Tim Federle previews the start of something new.
High School Musical: The Musical: The Series — yes, that’s the actual title — bops to the top when Disney+ launches Nov. 12. But the musical comedy may not be what fans of the original franchise are expecting. The 10-episode series doesn’t stick to the status quo or catch up with old fan-favorite characters after their big-screen graduation in 2008’s High School Musical: Senior Year. Rather, it follows a new generation of characters in a completely different (and decidedly more meta) universe.
Disney+’s continuation of the High School Musical franchise comes in the form of a mockumentary comedy set in the real world at the high school where all the movies were filmed. The names Troy Bolton, Gabriella Montez, and Sharpay Evans are just as famous as Zac Efron, Vanessa Hudgens, and Ashley Tisdale, and East High’s mascots are not the Wildcats. When the drama teacher decides to pay homage to the films that put the high school on the map, students — some of whom are huge fans of the movies, while others couldn’t care less — audition for the roles of Troy, Gabriella, Sharpay, singing new versions of the now-familiar songs. Every line, scene, and choice is engineered to delight fans of the franchise, while simultaneously making sure to not step on the legacy of the original trilogy.
And that’s all by design of showrunner Tim Federle. “I was always thinking about the original fans, whose childhood I promise I’m not trying to ruin,” he tells EW with a laugh. “Every episode should contain Easter eggs and callbacks and references to the original, whether it be with a wink to a prop that pops up on screen or a cameo from an original cast member — which I can confirm happens, I just can’t say who or when! But it’s a fresh start and brand-new cast, and I want to tell stories that went totally outside the High School Musical universe and engage people in a new way.”
Federle acknowledges that while most viewers probably already have a deep-seated love for the original films, he’s hoping to bring new fans to the series too (since we’re all in this together). “I was also thinking hard about trying to invest in a new group of people who are coming to this fresh,” he says. In fact, Federle himself wasn’t in the High School Musical fanbase when the movies first came out. “I was not somebody who grew up with it; I was out of the demographic. I was the Grease, Little Shop of Horrors generation.”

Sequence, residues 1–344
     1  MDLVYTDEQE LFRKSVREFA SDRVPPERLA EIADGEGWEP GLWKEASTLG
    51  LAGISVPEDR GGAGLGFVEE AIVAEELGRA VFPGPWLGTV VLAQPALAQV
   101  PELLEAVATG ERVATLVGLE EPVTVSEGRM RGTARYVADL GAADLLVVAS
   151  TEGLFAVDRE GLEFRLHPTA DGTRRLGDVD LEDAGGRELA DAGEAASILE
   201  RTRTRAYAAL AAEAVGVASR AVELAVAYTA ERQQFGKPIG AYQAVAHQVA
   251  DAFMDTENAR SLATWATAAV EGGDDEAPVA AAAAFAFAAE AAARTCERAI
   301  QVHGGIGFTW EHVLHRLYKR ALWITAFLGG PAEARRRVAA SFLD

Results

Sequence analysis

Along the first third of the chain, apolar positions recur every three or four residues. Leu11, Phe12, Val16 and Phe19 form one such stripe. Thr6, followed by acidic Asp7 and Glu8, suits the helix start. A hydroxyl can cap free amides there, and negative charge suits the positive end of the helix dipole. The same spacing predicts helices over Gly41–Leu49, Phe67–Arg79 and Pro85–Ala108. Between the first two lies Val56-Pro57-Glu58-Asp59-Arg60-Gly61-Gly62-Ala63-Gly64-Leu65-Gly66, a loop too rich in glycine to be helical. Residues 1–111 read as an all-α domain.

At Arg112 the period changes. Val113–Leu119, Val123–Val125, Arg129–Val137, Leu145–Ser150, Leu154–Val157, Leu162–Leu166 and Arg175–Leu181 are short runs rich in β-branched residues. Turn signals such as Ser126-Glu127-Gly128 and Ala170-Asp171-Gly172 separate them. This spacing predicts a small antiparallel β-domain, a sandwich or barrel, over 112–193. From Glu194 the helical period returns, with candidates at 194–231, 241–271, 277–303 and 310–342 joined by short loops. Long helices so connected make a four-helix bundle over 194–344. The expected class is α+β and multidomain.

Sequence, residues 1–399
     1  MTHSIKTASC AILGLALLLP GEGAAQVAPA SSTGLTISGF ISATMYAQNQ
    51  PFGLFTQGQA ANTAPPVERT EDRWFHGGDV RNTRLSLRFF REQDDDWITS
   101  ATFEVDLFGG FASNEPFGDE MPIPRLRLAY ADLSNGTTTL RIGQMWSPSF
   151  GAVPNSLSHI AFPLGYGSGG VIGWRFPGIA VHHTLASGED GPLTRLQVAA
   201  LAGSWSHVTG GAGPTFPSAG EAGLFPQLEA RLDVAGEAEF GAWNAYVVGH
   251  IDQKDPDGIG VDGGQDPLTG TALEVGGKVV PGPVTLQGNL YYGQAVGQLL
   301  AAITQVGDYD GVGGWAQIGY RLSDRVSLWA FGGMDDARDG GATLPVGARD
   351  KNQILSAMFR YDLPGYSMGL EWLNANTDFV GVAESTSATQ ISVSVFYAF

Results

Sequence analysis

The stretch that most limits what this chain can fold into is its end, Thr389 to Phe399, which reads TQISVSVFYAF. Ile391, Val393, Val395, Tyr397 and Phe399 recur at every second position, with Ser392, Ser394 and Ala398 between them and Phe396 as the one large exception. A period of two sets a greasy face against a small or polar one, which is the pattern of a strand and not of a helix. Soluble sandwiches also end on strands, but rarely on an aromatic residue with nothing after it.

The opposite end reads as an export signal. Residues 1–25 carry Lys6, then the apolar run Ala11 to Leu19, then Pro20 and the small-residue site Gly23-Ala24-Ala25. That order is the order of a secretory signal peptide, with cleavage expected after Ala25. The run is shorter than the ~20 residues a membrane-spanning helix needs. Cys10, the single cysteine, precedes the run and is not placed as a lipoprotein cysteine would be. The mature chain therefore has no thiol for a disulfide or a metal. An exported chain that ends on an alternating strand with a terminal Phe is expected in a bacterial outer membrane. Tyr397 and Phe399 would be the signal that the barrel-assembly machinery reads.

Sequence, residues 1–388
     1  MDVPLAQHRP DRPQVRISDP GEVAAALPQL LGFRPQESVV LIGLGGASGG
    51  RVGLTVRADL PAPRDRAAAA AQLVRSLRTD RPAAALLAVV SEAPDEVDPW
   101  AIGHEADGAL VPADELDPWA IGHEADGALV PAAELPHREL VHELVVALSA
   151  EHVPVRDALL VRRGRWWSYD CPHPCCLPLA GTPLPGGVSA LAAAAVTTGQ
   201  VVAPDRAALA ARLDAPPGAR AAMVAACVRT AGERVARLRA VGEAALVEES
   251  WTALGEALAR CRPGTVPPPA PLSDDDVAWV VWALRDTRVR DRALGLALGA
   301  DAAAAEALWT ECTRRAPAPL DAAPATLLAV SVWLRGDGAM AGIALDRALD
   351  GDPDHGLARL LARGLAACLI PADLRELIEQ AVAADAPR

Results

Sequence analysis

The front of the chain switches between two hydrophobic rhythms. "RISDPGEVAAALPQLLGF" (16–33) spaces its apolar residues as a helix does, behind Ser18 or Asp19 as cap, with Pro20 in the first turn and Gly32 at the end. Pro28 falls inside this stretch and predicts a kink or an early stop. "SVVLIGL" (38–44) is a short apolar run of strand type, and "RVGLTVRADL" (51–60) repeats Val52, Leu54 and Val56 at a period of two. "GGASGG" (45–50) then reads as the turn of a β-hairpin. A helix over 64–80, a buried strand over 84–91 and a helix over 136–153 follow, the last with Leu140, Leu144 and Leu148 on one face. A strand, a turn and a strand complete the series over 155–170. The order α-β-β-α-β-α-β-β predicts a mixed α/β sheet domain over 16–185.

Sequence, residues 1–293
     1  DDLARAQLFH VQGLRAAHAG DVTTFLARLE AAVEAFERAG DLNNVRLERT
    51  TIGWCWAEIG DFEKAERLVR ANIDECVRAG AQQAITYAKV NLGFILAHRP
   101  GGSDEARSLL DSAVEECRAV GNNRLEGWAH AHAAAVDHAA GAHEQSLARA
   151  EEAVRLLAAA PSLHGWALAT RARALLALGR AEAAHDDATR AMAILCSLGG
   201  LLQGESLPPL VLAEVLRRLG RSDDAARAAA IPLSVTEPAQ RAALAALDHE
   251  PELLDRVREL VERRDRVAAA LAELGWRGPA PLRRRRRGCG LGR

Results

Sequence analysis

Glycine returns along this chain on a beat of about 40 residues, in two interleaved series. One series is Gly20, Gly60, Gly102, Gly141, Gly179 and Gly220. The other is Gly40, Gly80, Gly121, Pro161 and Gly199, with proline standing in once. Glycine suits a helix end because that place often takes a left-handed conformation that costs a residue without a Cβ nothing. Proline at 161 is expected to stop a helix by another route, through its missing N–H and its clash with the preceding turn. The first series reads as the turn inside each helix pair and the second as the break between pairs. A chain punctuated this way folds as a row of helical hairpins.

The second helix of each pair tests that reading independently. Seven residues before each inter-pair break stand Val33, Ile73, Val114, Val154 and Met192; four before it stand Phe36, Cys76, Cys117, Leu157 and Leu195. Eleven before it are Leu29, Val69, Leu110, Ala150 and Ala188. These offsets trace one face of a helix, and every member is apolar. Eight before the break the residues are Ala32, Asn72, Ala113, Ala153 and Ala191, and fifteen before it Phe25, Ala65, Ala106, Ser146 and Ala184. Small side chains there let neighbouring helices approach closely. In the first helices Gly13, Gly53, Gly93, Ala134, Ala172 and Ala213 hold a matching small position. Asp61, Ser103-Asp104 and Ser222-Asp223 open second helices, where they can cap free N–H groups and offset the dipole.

It turns out Federle’s fresh perspective on the franchise was exactly what the Disney+ series needed to finally break free of development purgatory and soar onto your screens — be they a computer, tablet, phone, TV, or wherever else you might stream the show. “Gary Marsh, who runs the Disney Channel, has for about 10 years since the third movie came out looked at it and kept looking at it,” Federle says of the long road to bringing a High School Musical series to life. “It’s one of the biggest Disney Channel Original Movies they’ve ever had, and he had an eagerness to reinvent the franchise — and also a hesitancy to do anything that felt like a cheap money grab.”
Federle praises Marsh’s “integrity to say, ‘Those movies mean so much to so many people that if we’re going to do it again, we have to do it right.’” That’s why it took so long to develop this show into what it is now, and it wasn’t until about a year and a half ago when Federle finally became attached as showrunner.
“There was this great excitement to get a teen musical back on the air,” Federle says. “They didn’t quite know what to do with it. I came in and basically said, ‘I love the original movie, but there’s a way to do this that reinvents it while still paying reverence to the original.’ So while I’ve been attached for about a year and a half, they’ve been mulling ways to reinvent it for about a decade. This was the formula we all agreed upon.”